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This post is from the CollabNet VersionOne blog and has not been updated since the original publish date.

Last Updated Aug 24, 2012 — Enterprise Agile Planning expert

The Legend of the Honey Badger

Enterprise Agile Planning

If you were participating in the beta test of the CloudForge application, you may have seen a honey badger.  Or two.  What you may not have known is that we saw all of them as well.  This is the story of that honey badger…

“No battle plan survives contact with the enemy.” — Helmuth von Moltke  (he was a German military strategist, by the way…)

Test-driven development (or “TDD”) is a great way to help guard against quality problems in your code, but it’s not a guarantee things will actually work the way you want.  Developing test cases is a bit of an art, and some people are naturally better at thinking about edge cases and details than others.

Let’s take a quick and simple example.  Let’s say you were testing a Ruby method:

def divide(a, b)
  a / b

So how would you test this?

Maybe you’d start with some very simple tests:

  assert_equal 2, divide(2, 1)
  assert_equal -2, divide(-2, 1)
  assert_equal 0, divide(0, 2)
  assert_equal 1.5, divide(4.5, 3)

These assertions would all pass.  You might think you’re in pretty good shape.  You’d deploy your code, and things would start to explode.  One reason might be easy to guess:  What if ‘b’ was set to zero?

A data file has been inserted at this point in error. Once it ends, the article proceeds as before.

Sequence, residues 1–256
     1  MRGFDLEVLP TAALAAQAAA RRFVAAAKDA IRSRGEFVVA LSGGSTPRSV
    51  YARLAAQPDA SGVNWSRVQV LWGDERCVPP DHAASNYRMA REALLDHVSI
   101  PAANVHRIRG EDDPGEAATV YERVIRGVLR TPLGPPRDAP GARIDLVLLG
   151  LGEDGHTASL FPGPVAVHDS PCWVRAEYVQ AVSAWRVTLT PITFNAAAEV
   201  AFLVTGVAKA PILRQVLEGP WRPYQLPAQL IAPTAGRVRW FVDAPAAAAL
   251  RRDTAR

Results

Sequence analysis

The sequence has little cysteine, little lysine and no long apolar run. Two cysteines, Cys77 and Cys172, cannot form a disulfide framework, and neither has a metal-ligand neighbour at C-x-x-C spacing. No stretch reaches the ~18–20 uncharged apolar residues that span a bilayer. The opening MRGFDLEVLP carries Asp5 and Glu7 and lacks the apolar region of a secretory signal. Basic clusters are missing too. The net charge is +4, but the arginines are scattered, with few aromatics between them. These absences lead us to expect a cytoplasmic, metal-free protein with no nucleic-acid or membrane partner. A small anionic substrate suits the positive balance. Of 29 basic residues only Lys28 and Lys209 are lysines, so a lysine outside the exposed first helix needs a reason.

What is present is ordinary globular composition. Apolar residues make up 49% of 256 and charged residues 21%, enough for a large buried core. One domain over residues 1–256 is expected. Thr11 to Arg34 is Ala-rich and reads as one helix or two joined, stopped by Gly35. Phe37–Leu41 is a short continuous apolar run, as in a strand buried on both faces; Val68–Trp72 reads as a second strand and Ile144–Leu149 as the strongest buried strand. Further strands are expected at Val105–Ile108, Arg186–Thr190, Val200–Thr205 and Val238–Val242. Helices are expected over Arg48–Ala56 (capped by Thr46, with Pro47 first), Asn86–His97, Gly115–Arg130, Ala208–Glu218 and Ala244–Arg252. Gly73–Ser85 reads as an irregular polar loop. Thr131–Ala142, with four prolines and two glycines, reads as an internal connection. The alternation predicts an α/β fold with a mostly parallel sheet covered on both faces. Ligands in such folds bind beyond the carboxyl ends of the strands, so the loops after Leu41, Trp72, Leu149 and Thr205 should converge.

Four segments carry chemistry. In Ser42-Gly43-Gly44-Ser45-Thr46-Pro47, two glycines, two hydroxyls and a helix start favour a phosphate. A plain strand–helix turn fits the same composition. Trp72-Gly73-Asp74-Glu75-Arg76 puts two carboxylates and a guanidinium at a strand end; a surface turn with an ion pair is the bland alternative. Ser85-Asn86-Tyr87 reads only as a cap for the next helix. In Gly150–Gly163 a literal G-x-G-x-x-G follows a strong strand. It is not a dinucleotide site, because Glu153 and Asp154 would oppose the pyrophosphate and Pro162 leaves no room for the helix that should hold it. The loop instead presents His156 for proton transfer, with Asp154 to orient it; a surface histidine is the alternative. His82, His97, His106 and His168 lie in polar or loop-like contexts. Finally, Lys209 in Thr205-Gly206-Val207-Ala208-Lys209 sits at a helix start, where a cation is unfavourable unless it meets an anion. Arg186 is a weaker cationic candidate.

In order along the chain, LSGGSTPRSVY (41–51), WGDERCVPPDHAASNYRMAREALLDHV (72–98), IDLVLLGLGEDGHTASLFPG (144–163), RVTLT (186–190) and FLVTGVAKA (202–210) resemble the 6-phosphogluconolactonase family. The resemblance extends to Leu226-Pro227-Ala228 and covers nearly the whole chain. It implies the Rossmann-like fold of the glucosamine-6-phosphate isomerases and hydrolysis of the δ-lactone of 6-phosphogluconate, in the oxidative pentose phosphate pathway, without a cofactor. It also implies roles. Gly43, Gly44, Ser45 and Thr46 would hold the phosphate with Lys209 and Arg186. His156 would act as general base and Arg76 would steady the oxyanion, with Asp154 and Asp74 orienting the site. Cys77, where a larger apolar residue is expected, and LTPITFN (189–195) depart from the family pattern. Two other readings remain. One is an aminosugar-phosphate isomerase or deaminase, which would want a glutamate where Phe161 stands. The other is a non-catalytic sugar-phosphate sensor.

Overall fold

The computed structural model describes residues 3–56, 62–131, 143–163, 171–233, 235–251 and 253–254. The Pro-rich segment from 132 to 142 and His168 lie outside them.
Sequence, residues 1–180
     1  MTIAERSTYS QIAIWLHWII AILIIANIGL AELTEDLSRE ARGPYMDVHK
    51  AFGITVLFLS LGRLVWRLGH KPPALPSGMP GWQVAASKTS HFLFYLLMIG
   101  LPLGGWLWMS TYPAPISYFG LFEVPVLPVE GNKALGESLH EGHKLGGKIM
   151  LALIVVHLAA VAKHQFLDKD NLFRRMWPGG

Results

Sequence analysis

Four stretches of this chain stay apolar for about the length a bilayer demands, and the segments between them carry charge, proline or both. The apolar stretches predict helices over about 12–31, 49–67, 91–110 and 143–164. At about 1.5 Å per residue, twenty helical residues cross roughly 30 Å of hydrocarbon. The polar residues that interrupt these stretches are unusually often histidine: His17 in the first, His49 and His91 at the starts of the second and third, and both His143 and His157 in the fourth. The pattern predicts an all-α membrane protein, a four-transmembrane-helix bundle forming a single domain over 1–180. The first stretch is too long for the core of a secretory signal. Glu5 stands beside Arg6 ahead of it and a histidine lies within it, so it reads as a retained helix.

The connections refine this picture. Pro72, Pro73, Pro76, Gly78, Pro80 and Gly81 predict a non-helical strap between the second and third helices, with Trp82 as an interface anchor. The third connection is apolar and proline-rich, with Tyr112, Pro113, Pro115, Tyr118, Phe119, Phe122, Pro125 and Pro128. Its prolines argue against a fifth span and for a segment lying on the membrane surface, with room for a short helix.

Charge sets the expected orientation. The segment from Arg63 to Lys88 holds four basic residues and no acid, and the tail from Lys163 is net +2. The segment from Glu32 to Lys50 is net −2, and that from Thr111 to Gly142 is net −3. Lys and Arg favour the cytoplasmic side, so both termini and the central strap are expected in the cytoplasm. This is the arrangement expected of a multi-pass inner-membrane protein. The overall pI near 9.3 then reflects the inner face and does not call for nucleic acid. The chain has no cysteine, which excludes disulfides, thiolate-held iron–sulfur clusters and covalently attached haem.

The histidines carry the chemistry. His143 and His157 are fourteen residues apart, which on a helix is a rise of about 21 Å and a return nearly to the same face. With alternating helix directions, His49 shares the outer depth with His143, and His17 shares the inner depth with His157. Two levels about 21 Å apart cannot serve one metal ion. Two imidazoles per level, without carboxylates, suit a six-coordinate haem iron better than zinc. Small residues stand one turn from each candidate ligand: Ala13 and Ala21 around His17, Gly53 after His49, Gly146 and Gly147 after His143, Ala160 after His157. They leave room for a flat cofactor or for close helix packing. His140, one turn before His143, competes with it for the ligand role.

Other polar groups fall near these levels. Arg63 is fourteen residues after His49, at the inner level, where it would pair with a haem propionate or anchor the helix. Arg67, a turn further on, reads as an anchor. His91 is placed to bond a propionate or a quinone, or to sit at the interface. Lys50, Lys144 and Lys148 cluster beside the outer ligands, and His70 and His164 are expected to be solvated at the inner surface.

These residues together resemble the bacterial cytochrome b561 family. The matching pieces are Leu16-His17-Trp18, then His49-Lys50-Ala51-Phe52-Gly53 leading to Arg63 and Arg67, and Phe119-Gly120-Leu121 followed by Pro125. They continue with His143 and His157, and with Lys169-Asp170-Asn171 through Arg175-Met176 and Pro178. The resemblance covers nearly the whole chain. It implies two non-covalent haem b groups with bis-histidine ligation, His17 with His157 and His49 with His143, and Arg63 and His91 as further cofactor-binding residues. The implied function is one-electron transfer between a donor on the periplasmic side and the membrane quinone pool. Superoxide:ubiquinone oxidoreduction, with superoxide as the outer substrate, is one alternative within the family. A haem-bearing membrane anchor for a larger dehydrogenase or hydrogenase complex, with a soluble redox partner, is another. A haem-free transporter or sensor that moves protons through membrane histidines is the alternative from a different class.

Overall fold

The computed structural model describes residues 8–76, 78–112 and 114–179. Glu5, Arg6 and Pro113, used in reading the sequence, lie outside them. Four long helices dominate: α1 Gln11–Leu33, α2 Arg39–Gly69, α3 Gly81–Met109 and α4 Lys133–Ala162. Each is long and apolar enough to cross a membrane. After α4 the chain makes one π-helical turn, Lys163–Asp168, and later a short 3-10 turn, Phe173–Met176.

On the other hand, a lot of the errors that might come out of this function may not be obvious — they may be decisions about design, rather than obvious errors:

  • What’s the expected outcome of divide(1,2)?  0? or 0.5?  This code will do simple integer division if both parameters are integers — the code would need to be changed to ensure float values were returned when necessary.
  • Is it correct that divide(-2,1) should be -2?  Or should it be 2?  Or should it throw an exception if either parameter is negative? Maybe the function wasn’t supposed to handle negatives and that’s indicative of some other error.
  • Is it correct that an exception is raised if b is 0?  Or should this function quietly return 0?  If the code is supposed to raise an exception in that case, we should test that it does — in case someone else decided to “fix it” by squelching the exception.
  • What happens if either of the parameters is nil?  Should it raise an exception?  Or should it coerce nil to 0?

Sometimes when developers are pushing hard to get things done, we can’t iterate on all these questions, we have to make some guesses.  Or maybe there’s just some combination of events or data that we just never expected — particularly in our case, where we’re dealing with several years of legacy data!  The important thing, then, is to track down the failures.

We are using various tools to make sure we’re made aware of failures in the code — whenever you saw one of those “honey badger” pages, several of our key developers would get an email with a complete trace-back of the code, the parameters that were sent to the server (passwords and such having been excised already), and that very often gave us everything we needed to go fix something.  (We started out with the exception_notification gem during initial roll-out and beta; we’ve added New Relic to help capture the error data as well).

Our practice is to reproduce the failure scenario as a test case.  This helps us be sure we’ve got the reproduction case well understood, and then when that test starts passing, we’ll know we fixed the code.  Plus, we get a further bit of ammunition for our test suite, regressions for edge cases going forward.  Sometimes, when we do figure out what the scenario that caused the error is, we have to go back to product management and figure out what the correct behavior is.

We call this TDD, too — Test-Driven Debugging!


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